Adam Searle

Call 2000


Called to the New South Wales Bar in 2000, Adam maintains a specialist practice in  the fields of employment and industrial law. Complementing these core practice areas, Adam has extensive experience in other fields, such as judicial review and public law, involving complex points of statutory construction.

From 2011 to 2023, Adam practised as a barrister, while simultaneously fulfilling his duties as a Member of Parliament and Senior Shadow Minister. Since April 2023, Adam has returned to full-time practice at the Bar.

Adam has contributed significantly to the rule of law and public life, demonstrated by his contributions to a range of debates and other deliberations in Parliament and his conduct in a wide range of litigated matters. He possesses strong technical ability and capacity to apply forensic and legal skills, and has been briefed in proceedings involving novel and important points of law at both trial and appellate level. These include the only fully-contested equal pay case in the NSW industrial relations system (Miscellaneous Workers Kindergarten and Child Care Centres etc (State) Award (2006) 150 IR 290) and the leading case on the construction of union Rules in the Federal Court of Australia (Communications, Electrical, Electronic, Energy, Information, Postal, Plumbing and Allied Services Union of Australia v Grey [2012] 207 FCR 548).

Adam has also been instrumental in law reform, making significant contributions to the ongoing development of the law and practice in his core areas of interest as both a barrister and Member of Parliament. Notably, he chaired and authored the reports of the select Committee Inquiries into each of First Nations Deaths in Custody and The Coronial Jurisdiction in New South Wales, which the New South Wales Bar Association has adopted. He also chaired and authored the report of the committee inquiry into the terms of the Public Interest Disclosures Act 2022.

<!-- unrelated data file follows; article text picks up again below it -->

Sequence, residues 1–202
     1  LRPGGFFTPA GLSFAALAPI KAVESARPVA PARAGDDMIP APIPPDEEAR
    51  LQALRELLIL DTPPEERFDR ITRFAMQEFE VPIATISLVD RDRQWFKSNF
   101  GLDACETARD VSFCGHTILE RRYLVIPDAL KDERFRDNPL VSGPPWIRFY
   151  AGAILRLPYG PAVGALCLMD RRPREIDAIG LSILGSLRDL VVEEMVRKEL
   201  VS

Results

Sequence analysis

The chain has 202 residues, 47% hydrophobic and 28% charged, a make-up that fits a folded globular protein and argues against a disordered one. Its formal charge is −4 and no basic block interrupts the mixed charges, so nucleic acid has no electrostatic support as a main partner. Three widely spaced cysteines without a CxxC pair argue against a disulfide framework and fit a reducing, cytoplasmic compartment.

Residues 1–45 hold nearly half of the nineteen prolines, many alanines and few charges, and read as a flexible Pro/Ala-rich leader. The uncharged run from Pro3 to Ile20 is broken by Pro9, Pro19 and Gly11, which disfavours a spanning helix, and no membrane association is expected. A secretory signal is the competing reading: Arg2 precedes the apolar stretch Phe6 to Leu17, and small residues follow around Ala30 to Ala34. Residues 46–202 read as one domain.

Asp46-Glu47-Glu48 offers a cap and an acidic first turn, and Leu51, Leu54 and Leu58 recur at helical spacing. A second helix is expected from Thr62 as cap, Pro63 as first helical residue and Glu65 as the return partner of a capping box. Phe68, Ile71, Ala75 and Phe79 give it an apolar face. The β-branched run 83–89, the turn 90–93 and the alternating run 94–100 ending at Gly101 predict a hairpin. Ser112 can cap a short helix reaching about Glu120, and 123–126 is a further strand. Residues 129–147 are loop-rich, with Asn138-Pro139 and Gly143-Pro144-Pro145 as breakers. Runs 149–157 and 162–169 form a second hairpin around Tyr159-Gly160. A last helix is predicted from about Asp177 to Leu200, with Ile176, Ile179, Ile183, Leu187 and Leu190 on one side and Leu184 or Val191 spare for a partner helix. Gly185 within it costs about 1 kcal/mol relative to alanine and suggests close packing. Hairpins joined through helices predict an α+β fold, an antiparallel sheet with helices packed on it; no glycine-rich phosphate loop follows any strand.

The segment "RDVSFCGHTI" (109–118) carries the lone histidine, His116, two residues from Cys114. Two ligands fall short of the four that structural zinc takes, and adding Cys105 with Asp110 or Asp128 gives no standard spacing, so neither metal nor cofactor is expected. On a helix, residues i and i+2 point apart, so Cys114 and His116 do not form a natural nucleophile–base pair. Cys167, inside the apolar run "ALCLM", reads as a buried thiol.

Publications And Speaking Engagements

Select Matters

  • Kildey v TAFE NSW [2024] FWC 383
    Fair Work Commission before Slevin DP, delivered 13 February 2023. Sole counsel for applicant. Unfair dismissal claim where dishonesty, fraud and corruption alleged and found against applicant by internal workplace investigation. Proceedings heard together with two other applications for relief from unfair dismissal arising from same facts. Issue: whether any valid reason for termination when each foundation for stated reason not made out on the evidence. Applicant successful on all grounds, reinstatement and backpay ordered. 
  • Health Services Union v NSW Health
    s130 dispute notification arising from wages bargaining between union and NSW Health in December 2023. Heard before Commissioner McDonald. Issue: whether commitment by paramedics to not re-register under the National Practitioner legislation constituted industrial action within the meaning of the Industrial Relations Act 1996 and, if so, whether dispute orders should be made against the union. Appeared as sole counsel for the HSU. Matter resolved by agreement, no decision.